Even if you don’t follow anime or manga, chances are you’ve heard of Eiichiro Oda’s One Piece - having gotten its start in 1997 and still going strong today, this long-running tale of the Straw Hat crew’s far-reaching, seafaring adventures in piracy has blossomed into one of Japan’s most popular exports. With such wide appeal, it should come as no surprise that it’s also had quite a few video game adaptations over the years, including several titles of varying standards on the 3DS. The latest One Piece release, Unlimited World Red, falls on the right side of that quality spectrum, and while it’s not without issues, it still serves up a fun adventure for series fans.
Like many One Piece arcs, the story of Unlimited World Red picks up at sea. Luffy and the gang have finally spotted the Island of Promises, where they plan to part ways with their new friend Pato, a tanuki with the power to draw objects into existence on his magical leaf. But all’s not well when they set foot on land; as soon as Luffy heads into Transtown port to see the sights and grab a bite, his friends end up kidnapped, and so he sets out to rescue the rest of the crew and find out the truth behind the mysterious island.
Since you’re essentially jumping into the middle of an ongoing story, don’t expect much in the way of background, world-building, or backstories — Unlimited World Red assumes familiarity with the series, and doesn’t give you much help in getting caught up to speed. This isn’t a huge problem in terms of plot — you’ll miss out on references and nuances, of course, but you’ll certainly get the gist — but it’s a shame newcomers aren’t given a better introduction to the characters. The Straw Hat crew is full of wonderfully bizarre, over-the-top, and ultimately lovable personalities, with genuinely interesting histories, motivations, and powers, but without having followed their adventures in other media, or reading up on them beforehand, you’d never know it — at least not at first.
Once you hop into the adventure, Transtown acts as the game’s central hub. From there you can travel to various self-contained stages, first tracking down your kidnapped companions and then chasing after the unmasked villain with the whole gang. Each largely linear stage holds plenty of foes to beat up, loot to grab, and a boss to defeat, and you can use the spoils you pick up on your journey to expand Transtown’s shops and offerings when you return, before heading out once again, powered-up and ready to go. It’s a comfortable, classic loop, and Transtown is a fun, well-realized hub — using Luffy’s elastic arms to swing around the town like a shōnen Spider Man is a real treat.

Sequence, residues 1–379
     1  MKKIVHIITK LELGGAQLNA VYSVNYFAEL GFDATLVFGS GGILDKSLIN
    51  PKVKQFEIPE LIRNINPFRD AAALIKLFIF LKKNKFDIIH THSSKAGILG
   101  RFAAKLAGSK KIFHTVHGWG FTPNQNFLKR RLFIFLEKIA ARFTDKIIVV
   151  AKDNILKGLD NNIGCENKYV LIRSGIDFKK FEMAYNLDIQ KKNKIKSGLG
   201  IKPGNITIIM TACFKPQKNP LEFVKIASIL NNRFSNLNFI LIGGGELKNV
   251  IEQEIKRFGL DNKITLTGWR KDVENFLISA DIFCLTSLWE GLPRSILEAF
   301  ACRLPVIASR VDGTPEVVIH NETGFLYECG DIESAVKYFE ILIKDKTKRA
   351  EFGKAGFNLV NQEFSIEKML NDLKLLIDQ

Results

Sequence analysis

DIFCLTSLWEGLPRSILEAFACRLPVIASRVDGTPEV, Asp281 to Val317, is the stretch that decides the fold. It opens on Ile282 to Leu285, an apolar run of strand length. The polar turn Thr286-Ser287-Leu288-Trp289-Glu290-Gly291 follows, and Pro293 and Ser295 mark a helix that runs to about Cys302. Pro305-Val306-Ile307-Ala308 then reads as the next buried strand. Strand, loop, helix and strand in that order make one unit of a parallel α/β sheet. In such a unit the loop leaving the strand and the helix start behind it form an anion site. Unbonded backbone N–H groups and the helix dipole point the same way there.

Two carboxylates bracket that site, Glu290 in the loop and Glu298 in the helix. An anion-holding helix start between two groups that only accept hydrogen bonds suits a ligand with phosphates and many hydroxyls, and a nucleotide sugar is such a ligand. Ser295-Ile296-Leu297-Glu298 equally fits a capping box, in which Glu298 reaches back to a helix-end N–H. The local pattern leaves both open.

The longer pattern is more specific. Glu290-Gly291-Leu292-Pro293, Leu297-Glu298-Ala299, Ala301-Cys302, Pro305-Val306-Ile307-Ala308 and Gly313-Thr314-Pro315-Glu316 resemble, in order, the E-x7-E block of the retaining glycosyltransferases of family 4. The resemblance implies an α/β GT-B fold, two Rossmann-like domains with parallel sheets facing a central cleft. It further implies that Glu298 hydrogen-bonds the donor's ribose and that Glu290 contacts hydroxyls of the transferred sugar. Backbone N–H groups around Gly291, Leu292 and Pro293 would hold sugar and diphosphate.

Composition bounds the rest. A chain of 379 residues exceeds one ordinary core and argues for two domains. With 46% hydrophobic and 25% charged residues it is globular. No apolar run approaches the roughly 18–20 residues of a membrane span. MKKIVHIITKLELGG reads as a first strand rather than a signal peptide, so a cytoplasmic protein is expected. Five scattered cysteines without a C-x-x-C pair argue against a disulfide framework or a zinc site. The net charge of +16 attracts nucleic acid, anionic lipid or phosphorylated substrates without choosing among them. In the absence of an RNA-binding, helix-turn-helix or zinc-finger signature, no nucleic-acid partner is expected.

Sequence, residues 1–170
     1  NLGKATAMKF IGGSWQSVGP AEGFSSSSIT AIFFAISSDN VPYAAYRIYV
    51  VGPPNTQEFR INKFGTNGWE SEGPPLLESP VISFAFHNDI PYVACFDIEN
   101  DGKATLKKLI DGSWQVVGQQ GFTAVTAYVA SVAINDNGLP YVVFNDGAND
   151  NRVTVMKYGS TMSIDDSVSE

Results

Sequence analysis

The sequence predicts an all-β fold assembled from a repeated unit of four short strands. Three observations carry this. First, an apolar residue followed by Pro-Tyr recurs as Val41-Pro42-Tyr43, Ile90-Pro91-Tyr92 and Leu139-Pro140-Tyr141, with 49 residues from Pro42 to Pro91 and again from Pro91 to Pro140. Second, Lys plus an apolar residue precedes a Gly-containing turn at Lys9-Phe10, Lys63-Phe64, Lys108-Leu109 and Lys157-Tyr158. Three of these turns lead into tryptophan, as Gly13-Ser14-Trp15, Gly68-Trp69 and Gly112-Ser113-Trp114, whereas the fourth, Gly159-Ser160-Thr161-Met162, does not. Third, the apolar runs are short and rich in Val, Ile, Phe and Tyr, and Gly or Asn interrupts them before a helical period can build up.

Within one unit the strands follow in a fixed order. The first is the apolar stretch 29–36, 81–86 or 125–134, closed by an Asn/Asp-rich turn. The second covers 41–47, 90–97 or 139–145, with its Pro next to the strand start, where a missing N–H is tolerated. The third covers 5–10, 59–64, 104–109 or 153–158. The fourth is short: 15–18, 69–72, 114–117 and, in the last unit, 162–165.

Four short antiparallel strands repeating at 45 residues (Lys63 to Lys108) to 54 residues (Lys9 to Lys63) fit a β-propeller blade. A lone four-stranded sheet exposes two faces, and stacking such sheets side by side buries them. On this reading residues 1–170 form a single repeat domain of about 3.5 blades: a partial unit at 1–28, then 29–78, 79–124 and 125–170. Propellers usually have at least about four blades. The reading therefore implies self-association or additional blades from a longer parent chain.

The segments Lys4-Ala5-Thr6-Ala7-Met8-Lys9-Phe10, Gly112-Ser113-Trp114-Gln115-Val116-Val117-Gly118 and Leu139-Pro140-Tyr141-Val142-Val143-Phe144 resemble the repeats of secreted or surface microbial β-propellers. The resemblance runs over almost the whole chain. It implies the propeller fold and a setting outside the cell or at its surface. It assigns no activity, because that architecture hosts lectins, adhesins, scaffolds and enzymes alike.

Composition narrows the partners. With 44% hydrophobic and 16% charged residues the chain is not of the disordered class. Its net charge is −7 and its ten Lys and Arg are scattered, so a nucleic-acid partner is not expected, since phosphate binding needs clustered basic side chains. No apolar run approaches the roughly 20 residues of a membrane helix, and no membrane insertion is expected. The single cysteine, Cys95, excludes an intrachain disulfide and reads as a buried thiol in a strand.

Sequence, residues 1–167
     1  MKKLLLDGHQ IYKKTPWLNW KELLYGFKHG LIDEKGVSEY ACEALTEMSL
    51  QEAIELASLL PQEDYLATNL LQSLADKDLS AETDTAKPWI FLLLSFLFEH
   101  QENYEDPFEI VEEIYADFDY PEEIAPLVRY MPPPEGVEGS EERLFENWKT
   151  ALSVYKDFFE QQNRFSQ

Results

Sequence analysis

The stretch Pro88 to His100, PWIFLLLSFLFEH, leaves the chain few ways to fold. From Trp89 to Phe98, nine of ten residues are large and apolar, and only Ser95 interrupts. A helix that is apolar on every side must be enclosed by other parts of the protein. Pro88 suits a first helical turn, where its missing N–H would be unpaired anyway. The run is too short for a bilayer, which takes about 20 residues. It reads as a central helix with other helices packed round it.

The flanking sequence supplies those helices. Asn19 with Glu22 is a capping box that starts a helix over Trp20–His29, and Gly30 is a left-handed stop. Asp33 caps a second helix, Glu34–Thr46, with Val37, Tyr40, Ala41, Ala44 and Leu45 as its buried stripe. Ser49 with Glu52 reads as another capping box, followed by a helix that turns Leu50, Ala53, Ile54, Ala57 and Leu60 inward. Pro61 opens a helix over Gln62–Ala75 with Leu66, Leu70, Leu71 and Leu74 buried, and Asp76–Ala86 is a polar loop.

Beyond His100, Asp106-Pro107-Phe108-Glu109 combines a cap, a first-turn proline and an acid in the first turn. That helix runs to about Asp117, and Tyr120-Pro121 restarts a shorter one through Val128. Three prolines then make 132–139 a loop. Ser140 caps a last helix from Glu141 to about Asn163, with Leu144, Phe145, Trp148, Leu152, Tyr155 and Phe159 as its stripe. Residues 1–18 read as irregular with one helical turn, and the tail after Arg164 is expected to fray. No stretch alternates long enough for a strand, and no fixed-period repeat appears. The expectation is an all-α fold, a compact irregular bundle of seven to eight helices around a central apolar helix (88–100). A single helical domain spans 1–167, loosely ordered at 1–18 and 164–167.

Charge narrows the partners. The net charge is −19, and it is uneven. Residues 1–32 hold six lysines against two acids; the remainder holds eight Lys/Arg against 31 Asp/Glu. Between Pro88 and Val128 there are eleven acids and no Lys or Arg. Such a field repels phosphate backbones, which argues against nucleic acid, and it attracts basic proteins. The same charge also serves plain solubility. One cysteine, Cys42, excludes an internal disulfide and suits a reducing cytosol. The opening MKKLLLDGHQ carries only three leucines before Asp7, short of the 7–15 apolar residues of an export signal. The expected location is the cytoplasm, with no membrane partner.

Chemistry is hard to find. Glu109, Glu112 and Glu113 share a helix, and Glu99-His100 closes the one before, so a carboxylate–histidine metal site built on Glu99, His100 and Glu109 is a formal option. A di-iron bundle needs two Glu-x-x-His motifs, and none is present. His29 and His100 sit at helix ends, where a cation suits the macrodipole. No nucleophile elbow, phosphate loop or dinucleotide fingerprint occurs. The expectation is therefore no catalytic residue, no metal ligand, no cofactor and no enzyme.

You’ll explore the levels themselves in groups of three — at least, as soon as you rescue a few friends — and you can switch between characters on the fly with a quick tap on the touch screen. Each pirate plays very differently; Luffy fights with his rubber limbs, Zoro wields a pair of katanas, Nami carries a long staff and controls lightning, Robin raises extra limbs from out of the earth(!), and Chopper shape-shifts into various anthropomorphic reindeer forms to beat up on foes; these are just few of the fighters available.
Each character’s weapons and personal powers may be different, but as a whole the combat system places a large emphasis on combos, and by tapping the ‘X’ and ‘Y’ buttons in different patterns you can unleash dozens of different attacks. There really are a lot of ways to wail on enemies, and a distinction between short and longer button presses adds in another layer of nuance — once you wrap your head around it all, you’ll be able to fly around the battlefield with ease, juggling short- and long-distance attacks with throws, special moves, and screen-clearing tag-team partner attacks, the latter two of which drain your fast-recharging SP meter.
Combat certainly feels good, but — for better or for worse — it’s generally pretty easy; perhaps taking thematic cues from the source material, Luffy and the gang feel massively overpowered compared to the average enemy grunt. QTE-style prompts let you avoid taking damage from most attacks and follow up with punishing counters, and your AI-controlled teammates don’t ever lose health — they’re also surprisingly capable, to the point where most fights can be won even if you don’t bother lifting a finger yourself.
It’s all very stylish, but it also means fighting one group of enemies never really feels that different from fighting the next. Happily, the multi-stage boss fights are an exception; here our heroes take on massive monsters and powerful pirate rivals, all with fun patterns, interesting attacks, and wonderful combat-choreography that would feel right at home in One Piece’s anime adaptation.
It’s a good thing that the boss fights are so satisfying, too, because the end-of-level payoff helps make up for the fact that getting there isn’t all that interesting. The stages are beautiful to look at, and there’s plenty of visual variety between areas, but in terms of their layout and design, they’re disappointingly indistinct. Whether you find yourself in a sandy desert, a colourful town, or frosty ice floes, you’ll still be wandering around the same basic building blocks of walled paths, corridors, and open arenas, and you can often predict what will happen where with a quick glance at the map: side paths and dead-ends tend to hold treasure, and larger rooms enemy hordes.